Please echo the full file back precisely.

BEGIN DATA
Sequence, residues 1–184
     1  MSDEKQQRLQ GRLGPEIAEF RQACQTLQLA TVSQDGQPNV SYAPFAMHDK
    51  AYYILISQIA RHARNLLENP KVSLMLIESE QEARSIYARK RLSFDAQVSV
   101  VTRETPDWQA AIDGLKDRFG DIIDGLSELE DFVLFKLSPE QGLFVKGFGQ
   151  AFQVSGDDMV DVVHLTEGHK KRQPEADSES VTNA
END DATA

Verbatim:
Sequence, residues 1–184
     1  MSDEKQQRLQ GRLGPEIAEF RQACQTLQLA TVSQDGQPNV SYAPFAMHDK
    51  AYYILISQIA RHARNLLENP KVSLMLIESE QEARSIYARK RLSFDAQVSV
   101  VTRETPDWQA AIDGLKDRFG DIIDGLSELE DFVLFKLSPE QGLFVKGFGQ
   151  AFQVSGDDMV DVVHLTEGHK KRQPEADSES VTNA